I write this letter at an important point in the brief history of the residential education program at Colgate University. As we near the end of the acquisition process and shift our focus to building a strong Broad Street community, those who seek to undermine this effort are saying the decision to acquire the fraternity and sorority houses violates students’ rights. These charges are inaccurate and without merit. A clear airing of the facts will demonstrate that Colgate University supports the Greek-letter system and the Constitution, particularly as it relates to your individual rights.First, it is important to note that I am encouraged by the numbers of students and alumni who have partnered with Colgate as we have begun the work necessary to build a strong and healthy Broad Street community. Alumni of Beta, DU, Sigma Chi and Gamma Phi Beta have already voted to transfer their houses to Colgate. Phi Delta Theta, Kappa Alpha Theta and Theta Chi have agreed to transfer ownership and are collecting votes from alumni now. Phi Gamma Delta plans to donate its house to Colgate. Starting in the Fall of 2005, we will provide housing for Delta Delta Delta, Kappa Kappa Gamma and Phi Kappa Tau. The Broad Street Community Council has Greek-letter and non-Greek students working together to solve problems and create policies.In spite of this good news, groups such as sa4c and Colgate-FACT have posted misleading flyers, billboards and websites that seem to be aimed at dividing our community. I urge you to take the time to read this letter carefully and then to attend the SGA forum on Greek life scheduled for April 20th so we can continue this dialogue as concerned members of the Colgate community.Colgate-FACT has circulated a petition that “demands Colgate University respect our rights as American citizens” and is organizing a rally against Colgate. It is important that you understand that Colgate, as a private institution, has neither the ability nor the desire to limit the protections of the First Amendment. Rather, the Bill of Rights exists to safeguard the freedom of private citizens and organizations from overreaching, improper action by the government. Indeed, the Constitution affords Colgate University, like other private institutions (e.g. Rotary or the Girl Scouts), the freedom to establish a framework for achieving our educational mission without governmental interference.Colgate’s mission is to provide a rigorous and broad-based education grounded in the liberal arts. We believe that residentially based liberal learning provides the best platform to help students develop as independent critical thinkers and thoughtful, engaged citizens. In order to support a high-quality learning environment, we have to establish certain rules and policies. We insist that students pass a prescribed number of courses and complete certain requirements (CORE, distributions, a concentration, etc.) to earn a degree. We set residential guidelines and policies so that the places where students live are clean and safe and support the educational mission of the university. We want you to have the ability to choose from a variety of residential communities so that you can find the one that best meets your individual needs and interests. We insist that all these communities be recognized by the university and comply with the standards we have established. We believe Greek-letter organizations should exist as residential communities operating as part of the residential education program and, for this reason, have required that all Greek-letter organizations be based in Colgate housing.This decision is based in the work by a task force of Colgate students, faculty, administrators and trustees that solicited input and ideas from hundreds of students and alumni. The task force heard how the Greek-letter system is important at Colgate but also realized that fraternities and sororities were far too often places where Colgate policies, state laws and their own national organization requirements were ignored and/or violated. Fraternities and sororities have provided social options, community service and opportunities for students to practice self-governance. However, in recent decades, the positive contributions of Greek-letter organizations have been diminished by disciplinary problems and by antagonism between some of the Greek-letter students/alumni and the university. The history of disciplinary problems showed a pattern of behavior that included repeated alcohol abuse, violent fighting, rape, hazing and in one tragic case, the deaths of four young people and the arrest and incarceration of a fifth. Behavioral concerns and the climate of opposition that grew out of them were destructive to all involved and the Board of Trustees felt strongly that significant changes had to be made. A 21-year-old minimum drinking age; laws against hazing; national fraternity and sorority policie; and parental and prospective student expectations and concerns were all factors that the task force and the trustees took into consideration, but the decision signaled a moral and educational commitment to better provide for the safety of Colgate students and to safeguard the integrity of their Colgate education.Colgate has chosen you because you possess the talent, the drive and the promise not only to succeed here but also to make a positive contribution to the future of our society. What we do on this campus is not a frivolous endeavor. We do serious work for ourselves, our community, our nation and the world. Positive changes are taking place. I encourage you to think critically about the claims being made by some of these groups and do what Colgate students and alumni do best – ask good questions and seek the truth.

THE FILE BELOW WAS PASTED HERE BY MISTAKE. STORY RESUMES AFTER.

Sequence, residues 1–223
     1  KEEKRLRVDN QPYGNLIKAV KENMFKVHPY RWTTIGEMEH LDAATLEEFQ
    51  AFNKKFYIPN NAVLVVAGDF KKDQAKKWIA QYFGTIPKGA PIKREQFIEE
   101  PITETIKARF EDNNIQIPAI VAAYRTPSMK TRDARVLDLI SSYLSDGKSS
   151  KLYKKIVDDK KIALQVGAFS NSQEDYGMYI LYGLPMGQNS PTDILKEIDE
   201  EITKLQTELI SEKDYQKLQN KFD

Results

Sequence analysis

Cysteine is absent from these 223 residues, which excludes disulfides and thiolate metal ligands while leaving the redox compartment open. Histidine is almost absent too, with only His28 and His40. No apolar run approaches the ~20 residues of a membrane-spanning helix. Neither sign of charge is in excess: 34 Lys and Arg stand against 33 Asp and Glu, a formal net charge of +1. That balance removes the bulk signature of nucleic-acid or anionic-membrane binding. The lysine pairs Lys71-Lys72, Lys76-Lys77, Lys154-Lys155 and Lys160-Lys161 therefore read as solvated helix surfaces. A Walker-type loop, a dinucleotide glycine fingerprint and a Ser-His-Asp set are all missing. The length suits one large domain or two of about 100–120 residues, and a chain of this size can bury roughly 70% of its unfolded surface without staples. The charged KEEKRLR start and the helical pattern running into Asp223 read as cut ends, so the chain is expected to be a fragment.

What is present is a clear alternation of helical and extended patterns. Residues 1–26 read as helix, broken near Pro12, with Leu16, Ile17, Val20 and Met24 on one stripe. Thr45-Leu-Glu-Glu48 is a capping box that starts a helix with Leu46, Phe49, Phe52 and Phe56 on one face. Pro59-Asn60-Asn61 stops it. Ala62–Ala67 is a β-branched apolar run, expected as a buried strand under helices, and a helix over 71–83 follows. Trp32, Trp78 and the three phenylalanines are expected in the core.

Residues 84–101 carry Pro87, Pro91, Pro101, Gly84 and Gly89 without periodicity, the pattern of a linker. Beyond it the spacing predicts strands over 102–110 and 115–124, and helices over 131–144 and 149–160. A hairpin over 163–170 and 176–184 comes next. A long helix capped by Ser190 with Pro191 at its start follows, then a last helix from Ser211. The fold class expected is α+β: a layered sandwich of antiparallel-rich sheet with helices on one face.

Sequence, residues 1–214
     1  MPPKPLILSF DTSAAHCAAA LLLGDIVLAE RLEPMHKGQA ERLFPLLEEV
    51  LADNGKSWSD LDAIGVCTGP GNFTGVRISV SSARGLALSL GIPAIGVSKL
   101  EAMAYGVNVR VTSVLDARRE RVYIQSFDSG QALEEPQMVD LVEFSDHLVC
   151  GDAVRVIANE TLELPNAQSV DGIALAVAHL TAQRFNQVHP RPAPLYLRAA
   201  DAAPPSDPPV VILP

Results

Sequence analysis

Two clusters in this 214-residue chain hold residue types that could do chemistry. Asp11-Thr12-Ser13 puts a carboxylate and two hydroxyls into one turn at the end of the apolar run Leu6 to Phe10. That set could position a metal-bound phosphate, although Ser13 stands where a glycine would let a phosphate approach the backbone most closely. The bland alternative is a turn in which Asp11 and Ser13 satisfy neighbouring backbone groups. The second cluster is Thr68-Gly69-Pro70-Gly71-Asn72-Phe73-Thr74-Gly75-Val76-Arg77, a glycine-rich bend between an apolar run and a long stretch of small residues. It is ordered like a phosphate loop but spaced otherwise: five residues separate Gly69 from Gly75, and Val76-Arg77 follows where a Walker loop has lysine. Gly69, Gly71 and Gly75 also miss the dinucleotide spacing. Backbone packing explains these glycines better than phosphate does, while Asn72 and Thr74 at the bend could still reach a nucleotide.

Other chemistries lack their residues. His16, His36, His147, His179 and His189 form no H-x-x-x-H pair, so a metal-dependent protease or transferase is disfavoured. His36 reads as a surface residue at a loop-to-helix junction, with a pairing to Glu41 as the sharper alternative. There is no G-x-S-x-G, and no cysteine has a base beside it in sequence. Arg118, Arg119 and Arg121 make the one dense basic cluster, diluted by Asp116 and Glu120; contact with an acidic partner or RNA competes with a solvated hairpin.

Rebecca S. Chopp